According to reports, State Bank of India , which has a Rs 3,500-crore of fund and non-fund based exposure to Suzlon Energy, today said the Pune-based wind power major should look at leveraging the balance-sheet of its German subsidiary RE Power, and a merger.
“Suzlon needs to leverage the RE Power balance sheet and probably in the long-run, merge these two operations. Because when they merge, the profitability of the whole group can go substantially higher using low-cost of production here,” SBI deputy managing director, large corporates, Santosh B Nayar told reporters here.
Noting that RE Power is practically debt-free and has got huge cash pile, he said the German arm is also ring fenced by German banks. SBI is lead banker to Suzlon’s Rs 14,000-crore debt. The Pune-based company is also reportedly pitching for a debt recast, but SBI has ruled it out in the short-term.
“We will have to discuss with the company on CDR; we will have to look at their cash flows now and we will see what needs to be done and also see what are the assets which can be monetized,” Nayar said.
Earlier in the day, Suzlon said its bondholders rejected its proposal to defer redemption of its foreign debt worth USD 221 million by four months, making it one of the largest defaults by a domestic firm. The Tulsi Tanti-promoted company has foreign currency convertible bonds (FCCBs) worth USD 220.8 million (about Rs 1,172 crore) maturing today and the company was hoping to get bondholders’ nod for more time to repay.
Following the development, Suzlon shares fell over 3 per cent to Rs 16.05 on the BSE. “It is somewhat disappointing that the bondholders’ meetings did not achieve the consensus we were hoping for and the four-month extension sought by us has not been granted,” Suzlon Group chief financial officer Kirti Vagadia told PTI.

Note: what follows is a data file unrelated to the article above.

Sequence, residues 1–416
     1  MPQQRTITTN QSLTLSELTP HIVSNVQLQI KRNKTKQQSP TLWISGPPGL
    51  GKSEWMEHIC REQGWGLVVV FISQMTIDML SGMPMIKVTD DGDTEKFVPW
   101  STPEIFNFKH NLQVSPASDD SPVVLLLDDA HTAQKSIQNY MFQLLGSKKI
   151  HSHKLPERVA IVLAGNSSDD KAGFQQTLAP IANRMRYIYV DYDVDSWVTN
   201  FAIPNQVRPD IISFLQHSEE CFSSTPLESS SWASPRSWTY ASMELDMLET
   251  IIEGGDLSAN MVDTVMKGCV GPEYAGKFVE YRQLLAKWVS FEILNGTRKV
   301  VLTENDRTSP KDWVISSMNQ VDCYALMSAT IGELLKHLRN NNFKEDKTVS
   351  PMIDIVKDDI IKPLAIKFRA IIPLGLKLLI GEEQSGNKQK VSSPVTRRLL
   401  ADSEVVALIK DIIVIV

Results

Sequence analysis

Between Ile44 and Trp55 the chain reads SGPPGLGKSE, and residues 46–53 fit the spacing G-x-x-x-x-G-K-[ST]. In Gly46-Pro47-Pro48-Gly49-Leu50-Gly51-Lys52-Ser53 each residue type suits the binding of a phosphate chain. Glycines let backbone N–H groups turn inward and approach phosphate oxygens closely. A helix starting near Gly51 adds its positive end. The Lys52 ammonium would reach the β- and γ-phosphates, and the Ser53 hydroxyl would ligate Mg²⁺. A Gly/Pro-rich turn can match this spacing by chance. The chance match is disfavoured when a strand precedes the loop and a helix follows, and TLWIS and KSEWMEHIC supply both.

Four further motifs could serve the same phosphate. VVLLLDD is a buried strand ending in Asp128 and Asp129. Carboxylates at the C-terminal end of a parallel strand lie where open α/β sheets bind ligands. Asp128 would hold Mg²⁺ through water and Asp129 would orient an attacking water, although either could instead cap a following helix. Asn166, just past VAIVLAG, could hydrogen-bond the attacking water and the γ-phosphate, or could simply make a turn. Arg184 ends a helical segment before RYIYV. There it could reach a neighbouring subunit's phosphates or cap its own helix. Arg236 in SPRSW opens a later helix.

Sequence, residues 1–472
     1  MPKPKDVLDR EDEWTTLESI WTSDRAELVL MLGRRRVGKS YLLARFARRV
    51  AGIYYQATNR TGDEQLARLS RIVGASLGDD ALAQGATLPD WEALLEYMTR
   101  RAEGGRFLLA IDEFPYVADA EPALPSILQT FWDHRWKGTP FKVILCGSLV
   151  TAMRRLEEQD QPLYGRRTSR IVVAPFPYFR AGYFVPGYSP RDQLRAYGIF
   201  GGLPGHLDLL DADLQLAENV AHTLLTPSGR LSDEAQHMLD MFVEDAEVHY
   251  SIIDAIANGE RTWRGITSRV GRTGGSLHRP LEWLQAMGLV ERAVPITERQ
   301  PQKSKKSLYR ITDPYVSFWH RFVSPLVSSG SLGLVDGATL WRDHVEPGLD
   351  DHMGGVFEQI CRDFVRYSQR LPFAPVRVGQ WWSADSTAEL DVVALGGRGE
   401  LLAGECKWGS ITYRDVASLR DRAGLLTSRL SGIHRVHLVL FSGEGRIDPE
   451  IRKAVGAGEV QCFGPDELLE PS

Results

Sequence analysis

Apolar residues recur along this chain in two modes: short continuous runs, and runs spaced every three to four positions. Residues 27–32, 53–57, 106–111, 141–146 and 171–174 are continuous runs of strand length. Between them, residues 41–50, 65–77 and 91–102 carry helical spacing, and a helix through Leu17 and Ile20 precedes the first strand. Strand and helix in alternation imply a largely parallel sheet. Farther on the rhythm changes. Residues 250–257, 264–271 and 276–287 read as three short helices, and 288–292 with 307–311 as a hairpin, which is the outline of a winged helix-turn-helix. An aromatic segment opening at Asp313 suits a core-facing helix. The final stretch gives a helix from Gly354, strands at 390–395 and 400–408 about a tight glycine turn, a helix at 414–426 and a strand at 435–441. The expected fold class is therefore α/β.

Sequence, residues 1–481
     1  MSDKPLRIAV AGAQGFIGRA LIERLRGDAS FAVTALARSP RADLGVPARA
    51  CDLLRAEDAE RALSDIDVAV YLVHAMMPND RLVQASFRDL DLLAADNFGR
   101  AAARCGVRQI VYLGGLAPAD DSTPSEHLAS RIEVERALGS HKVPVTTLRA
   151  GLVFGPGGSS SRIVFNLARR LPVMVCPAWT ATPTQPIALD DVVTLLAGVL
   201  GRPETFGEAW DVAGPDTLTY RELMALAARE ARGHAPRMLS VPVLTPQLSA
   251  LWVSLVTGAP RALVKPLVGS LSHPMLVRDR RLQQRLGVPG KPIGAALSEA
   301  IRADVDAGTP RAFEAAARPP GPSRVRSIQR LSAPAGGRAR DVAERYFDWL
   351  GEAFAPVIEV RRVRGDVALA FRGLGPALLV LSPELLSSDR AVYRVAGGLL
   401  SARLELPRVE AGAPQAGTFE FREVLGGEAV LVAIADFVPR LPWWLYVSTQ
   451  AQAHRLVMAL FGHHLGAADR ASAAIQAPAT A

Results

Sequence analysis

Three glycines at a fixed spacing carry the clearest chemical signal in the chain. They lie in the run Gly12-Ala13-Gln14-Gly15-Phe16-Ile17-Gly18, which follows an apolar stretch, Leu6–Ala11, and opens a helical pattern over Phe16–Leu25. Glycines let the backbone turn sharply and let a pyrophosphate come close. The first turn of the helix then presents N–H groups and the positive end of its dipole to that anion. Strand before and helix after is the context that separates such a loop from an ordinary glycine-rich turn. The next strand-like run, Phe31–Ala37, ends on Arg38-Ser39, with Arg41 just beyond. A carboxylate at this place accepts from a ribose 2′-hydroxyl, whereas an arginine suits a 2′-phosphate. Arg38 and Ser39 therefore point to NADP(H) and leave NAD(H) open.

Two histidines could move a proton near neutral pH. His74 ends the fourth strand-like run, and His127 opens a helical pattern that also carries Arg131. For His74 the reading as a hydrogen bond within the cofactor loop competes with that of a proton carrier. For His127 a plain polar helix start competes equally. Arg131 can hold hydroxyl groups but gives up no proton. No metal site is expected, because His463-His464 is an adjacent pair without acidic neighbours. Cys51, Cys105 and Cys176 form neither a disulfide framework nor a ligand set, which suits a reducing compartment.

Nayar further said the current default by Suzlon is not very big when one looks at the company’s total debt profile. But the real problem can be from the fact that the company will have to negotiate with other bondholders and arrive at a settlement, which could impact its cash flow, he said.
Noting that the company has got a very large order book (over USD 7.2 billion), he said wind energy is a field where a lot of investors are interested. If the finances are set right, Suzlon could attract other investors. Many domestic companies including Suzlon have raised money through FCCBs. In recent times, Suzlon has been grappling with rising debt and stiff competition in global markets.
Suzlon had issued USD 200 million zero coupon convertible bonds and USD 20.8 million 7.5 per cent convertible bonds. The company on September 18 had sought extension them. The bondholders’ meeting was held in London yesterday.
“We did not have enough quorum (of bondholders) with respect to the zero coupon convertible bonds while the response was not positive when it came to those holding 7.5 percent convertible bonds,” Vagadia said. The company had redeemed FCCBs to the tune of USD 360.2 million this July.